Lithium exploration near a popular Yellowknife hiking spot is ramping up.
A short hike away from the Ingraham trail, Hidden Lake is a popular recreation area for Yellowknifers to hike, paddle or fish. It could also be the site of one of North America’s largest lithium deposits.
This week, Li-FT Power Ltd. announced that it had signed a memorandum of understanding with the Yellowknives Dene First Nation and will begin drilling in the area at the beginning of June.
Another company, RGV Lithium, is waiting for approval to begin drilling later this year.
And last week, Australian company Loyal Lithium announced that it had acquired six mineral claims in the area, including four which have already been drilled.
Adam Ritchie, Loyal Lithium’s managing director, said there are a couple of things that make the Hidden Lake area especially attractive for exploration. The area is thought to contain spodumene, or hard rock lithium — the most valuable kind of lithium deposit.
“Not only is it high-quality, the quantities look great … we’re on a highway, and we’re very close to a developed capital city, which makes us even more excited,” he said.
“Yes, there [are] a few players that have entered the market, but there will be a lot more that are looking around for viable deposits.”
Loyal Lithium, like the other companies working in the Hidden Lake area right now, is still in the early exploration stage. Ritchie says that if they do find a viable deposit, it would likely take at least five to seven years to get a mine up and running.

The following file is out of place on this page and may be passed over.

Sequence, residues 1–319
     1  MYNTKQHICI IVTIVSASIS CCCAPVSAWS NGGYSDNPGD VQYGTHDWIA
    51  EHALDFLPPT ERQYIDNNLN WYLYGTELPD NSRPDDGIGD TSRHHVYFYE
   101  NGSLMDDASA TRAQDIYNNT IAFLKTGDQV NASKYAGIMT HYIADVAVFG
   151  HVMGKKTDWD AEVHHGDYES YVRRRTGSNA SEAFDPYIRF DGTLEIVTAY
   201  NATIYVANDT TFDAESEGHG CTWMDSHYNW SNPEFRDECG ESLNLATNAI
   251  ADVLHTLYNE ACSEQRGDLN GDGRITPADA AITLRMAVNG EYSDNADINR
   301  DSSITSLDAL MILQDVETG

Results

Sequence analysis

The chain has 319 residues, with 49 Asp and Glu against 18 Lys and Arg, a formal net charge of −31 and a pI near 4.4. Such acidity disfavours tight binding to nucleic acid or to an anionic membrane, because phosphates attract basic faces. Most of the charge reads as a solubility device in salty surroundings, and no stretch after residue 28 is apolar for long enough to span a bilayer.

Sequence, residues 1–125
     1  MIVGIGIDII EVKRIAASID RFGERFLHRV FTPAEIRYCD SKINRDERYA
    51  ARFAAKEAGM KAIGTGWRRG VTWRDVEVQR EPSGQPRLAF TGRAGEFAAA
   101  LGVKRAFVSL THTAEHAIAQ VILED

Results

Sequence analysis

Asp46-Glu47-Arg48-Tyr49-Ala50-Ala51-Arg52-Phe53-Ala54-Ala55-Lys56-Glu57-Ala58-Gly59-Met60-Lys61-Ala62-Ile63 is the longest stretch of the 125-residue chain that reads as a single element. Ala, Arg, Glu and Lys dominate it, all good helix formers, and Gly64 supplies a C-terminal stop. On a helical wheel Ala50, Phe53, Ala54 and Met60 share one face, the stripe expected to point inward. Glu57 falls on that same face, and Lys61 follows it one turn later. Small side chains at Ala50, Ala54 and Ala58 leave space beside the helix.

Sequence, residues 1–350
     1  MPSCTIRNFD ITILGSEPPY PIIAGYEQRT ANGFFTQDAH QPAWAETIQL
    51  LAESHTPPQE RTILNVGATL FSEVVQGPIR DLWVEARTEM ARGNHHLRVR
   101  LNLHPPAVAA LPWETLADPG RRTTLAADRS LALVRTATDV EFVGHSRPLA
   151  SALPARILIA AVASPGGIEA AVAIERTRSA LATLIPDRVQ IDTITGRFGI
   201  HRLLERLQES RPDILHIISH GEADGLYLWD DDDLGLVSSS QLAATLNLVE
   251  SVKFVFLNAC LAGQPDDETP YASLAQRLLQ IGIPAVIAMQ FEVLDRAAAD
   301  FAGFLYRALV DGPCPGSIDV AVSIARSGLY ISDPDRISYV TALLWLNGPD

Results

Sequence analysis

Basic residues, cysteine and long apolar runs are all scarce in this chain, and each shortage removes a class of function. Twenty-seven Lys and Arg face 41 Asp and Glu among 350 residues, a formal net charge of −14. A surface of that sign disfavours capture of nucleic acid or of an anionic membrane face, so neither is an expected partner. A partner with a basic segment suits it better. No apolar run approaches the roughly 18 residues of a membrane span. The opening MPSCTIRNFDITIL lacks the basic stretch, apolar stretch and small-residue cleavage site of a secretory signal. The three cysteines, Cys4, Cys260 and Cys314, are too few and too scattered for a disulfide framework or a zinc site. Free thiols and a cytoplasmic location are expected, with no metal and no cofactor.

Lithium exploration and mining is heating up across Canada.
The metal is a key ingredient in batteries, including electric vehicle batteries. Ritchie says that has driven up demand, and prices, over the last couple of years.
The federal government has also included lithium in its critical mineral strategy, which includes a 30 per cent critical mineral exploration tax credit.
Hunting, fishing, berry picking
Noah Johnson is the regulatory officer for the North Slave Métis Alliance (NSMA), one of the Indigenous groups with traditional territory close to Hidden Lake.
Johnson says that in the last six months, he’s seen more companies reaching out to the North Slave Métis Alliance about lithium exploration.
He says that for the North Slave Métis Alliance, lithium mining might open up economic opportunities for members especially as diamond mines in the territory begin to close. But he says there are also concerns, as Hidden Lake is an important area where many members do traditional activities.
“It’s a very popular spot for members throughout the year for land use — hunting, fishing, berry picking. And a lot of members have cabins in the area,” he said.
Johnson said that at the early exploration stage, the main concern is noise disturbance from drilling. Right now, the North Slave Métis Alliance isn’t too concerned about impacts on wildlife, but he said its something that would become a concern if a mine were to open in the area.
“NSMA is not against development, but it’s got to be a a socially and environmentally responsible development, and in particular in some of these areas like Hidden Lake,” he said.
Read the full article here